I've come across a few boats recently that, while they had tempting layouts and nice equipment lists, seemed to be sorely lacking in their ability to make real progress to windward.
Here on the Great Lakes, that's a deal breaker.
There are few, if any, one-way passages here. The lakes aren't big enough to exploit global weather patterns, the way you might on an Atlantic Circuit — south from Europe, catch the trade winds to the Caribbean, north to New England, and then skirting the Azores High to reach the British Isles, keeping the wind largely at your back most of the time. No, if you're on the Great Lakes, two-thirds of all your sailing will be close-hauled.
And I do mean *close* hauled. We sail Maverick V right on the edge of luffing more often than on any other point of sail. I'm always fiddling with sheet leads to try to eke out a few more degrees of pointing ability.
Lots of other places are like this, too. And, even on a mostly downwind route, the ability to make progress to windward can open up a special destination you might have missed. Or it can get you into a comfortable port with a well-stocked bar (the tavern kind) rather than being stuck outside a bar (the sand kind) overnight. Or it can save the boat from disaster when the engine fails as the barometer is dropping, the wind is shifting, and a rocky shore is looking awfully close.
It baffles me that anyone would intentionally design a sailboat with poor windward ability in this day and age. Yet we see it all the time. Big charter cruising cats — condomarans, as we sometimes call them — carrying canvas-enclosed fly bridges above deck saloon cabins, yielding so much windage that, without the twin diesels, their windward ability would be eclipsed by that of an 18th century brigantine. Fat monohulls decked out with cockpit enclosures, solar-panel-festooned arches, and dinghies in davits, piling drag and leeway onto a boat that, from the start, was optimized more for dockside amenities than for sailing performance.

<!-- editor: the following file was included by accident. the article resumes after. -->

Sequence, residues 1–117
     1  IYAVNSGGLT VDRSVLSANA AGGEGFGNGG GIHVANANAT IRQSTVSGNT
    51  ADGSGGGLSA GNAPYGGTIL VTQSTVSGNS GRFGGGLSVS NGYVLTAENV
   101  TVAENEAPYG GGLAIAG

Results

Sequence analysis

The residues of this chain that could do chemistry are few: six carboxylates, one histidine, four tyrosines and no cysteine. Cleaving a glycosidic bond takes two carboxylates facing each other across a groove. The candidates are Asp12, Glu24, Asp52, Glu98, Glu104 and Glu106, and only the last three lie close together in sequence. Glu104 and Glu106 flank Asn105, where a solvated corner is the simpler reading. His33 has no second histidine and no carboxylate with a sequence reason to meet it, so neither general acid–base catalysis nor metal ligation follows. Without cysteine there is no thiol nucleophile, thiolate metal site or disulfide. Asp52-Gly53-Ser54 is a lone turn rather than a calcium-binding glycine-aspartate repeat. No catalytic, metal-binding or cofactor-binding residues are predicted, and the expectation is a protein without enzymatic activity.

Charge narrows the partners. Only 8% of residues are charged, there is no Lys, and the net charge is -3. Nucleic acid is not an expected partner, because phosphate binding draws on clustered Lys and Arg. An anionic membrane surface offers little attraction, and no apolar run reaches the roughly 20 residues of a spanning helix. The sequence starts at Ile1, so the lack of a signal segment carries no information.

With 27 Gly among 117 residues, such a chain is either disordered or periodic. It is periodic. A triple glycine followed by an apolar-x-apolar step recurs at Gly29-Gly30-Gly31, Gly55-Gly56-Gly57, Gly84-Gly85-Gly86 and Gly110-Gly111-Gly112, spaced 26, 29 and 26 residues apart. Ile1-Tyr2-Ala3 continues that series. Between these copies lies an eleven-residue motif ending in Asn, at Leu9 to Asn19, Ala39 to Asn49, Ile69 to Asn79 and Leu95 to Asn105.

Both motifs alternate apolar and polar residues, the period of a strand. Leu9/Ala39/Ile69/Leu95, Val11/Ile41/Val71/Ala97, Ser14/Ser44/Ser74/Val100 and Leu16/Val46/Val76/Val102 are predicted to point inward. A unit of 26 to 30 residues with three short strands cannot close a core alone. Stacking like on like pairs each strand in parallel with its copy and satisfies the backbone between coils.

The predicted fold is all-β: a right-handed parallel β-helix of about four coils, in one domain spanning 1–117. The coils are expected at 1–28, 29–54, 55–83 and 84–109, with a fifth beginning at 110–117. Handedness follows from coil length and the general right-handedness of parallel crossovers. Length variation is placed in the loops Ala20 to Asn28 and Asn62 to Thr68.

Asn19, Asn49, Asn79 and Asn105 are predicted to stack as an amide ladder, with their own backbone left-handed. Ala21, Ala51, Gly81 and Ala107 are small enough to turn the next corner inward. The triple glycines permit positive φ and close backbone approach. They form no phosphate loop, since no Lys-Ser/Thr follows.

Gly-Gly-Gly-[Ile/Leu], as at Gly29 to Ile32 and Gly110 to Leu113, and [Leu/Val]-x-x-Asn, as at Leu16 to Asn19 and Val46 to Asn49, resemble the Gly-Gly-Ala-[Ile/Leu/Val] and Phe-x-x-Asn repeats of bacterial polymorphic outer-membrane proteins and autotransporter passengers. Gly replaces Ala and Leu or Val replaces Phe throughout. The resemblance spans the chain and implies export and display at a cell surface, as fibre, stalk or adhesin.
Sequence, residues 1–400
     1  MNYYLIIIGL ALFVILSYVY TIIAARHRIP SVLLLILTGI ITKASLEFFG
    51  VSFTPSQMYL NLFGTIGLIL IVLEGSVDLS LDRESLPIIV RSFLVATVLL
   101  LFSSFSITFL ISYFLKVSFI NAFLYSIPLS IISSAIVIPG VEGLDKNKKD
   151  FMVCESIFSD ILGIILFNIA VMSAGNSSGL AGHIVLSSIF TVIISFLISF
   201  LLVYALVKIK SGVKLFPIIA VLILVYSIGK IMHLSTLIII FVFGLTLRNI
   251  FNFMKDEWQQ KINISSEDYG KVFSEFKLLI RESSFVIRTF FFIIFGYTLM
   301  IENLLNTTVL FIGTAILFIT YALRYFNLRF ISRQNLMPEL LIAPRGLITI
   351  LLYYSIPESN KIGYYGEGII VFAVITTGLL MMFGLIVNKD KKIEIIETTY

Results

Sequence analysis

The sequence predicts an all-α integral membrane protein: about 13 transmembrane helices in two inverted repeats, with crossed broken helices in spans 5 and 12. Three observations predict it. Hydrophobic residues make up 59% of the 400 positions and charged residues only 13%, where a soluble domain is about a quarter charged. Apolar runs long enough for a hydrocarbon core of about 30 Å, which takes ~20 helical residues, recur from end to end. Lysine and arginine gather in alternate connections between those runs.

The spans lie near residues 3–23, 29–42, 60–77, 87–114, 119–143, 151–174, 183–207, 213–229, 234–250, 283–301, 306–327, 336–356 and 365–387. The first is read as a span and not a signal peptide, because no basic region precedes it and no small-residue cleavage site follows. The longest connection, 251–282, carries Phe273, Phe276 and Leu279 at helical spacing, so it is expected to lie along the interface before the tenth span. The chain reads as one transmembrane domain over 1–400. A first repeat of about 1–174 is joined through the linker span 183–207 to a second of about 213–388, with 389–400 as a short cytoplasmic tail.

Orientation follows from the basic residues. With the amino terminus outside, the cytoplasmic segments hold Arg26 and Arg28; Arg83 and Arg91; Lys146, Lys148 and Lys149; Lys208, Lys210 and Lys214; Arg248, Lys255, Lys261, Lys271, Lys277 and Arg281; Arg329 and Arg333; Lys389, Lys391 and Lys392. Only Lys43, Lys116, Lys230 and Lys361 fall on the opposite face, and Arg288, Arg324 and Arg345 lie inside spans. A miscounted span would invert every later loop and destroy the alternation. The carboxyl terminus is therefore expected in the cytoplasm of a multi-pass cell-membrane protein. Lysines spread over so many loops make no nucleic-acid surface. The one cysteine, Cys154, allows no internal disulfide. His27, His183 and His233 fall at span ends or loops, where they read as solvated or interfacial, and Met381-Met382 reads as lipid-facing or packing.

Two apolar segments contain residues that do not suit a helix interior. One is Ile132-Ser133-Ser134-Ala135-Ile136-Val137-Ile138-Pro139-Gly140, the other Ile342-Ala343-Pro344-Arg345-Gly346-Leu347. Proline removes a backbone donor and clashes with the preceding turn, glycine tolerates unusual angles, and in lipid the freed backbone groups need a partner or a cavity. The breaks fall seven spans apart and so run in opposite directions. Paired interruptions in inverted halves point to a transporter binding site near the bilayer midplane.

If you're thinking of designing, building, or outfitting a boat like this, please give some serious thought to what your priorities should be.
Rigs and sails, and the underwater foils to balance them, are expensive. They take a lot of work to maintain. They limit your access to a lot of interesting places.
If the design criteria for a particular boat are such that it's just not going to sail well to windward, and will rely on its engine when the apparent wind is less than 60–70° off the bow, you should consider omitting the rig entirely. A motorboat is nothing to be ashamed of, and if designed from a standpoint of efficiency — rather than of piling as much volume and marked-up equipment as possible into a given length — can be much cheaper to run than a sailboat under engine.
On the other hand, if sailing is important at all, you owe it to yourself (as owner-skipper) or to your client (as designer) to put your foot down and insist on good performance to windward. Don't accept ten compromises that each cut "just a degree or two" off the tacking angles. Don't pile on excess windage in the form of loaded-up arches and bulky cockpit enclosures. Don't mess up the pitch and roll moments of inertia with excessive weight in the forepeak, lazarette, or upper rig.
And, if you do make those compromises, be honest with yourself and with your clients about it.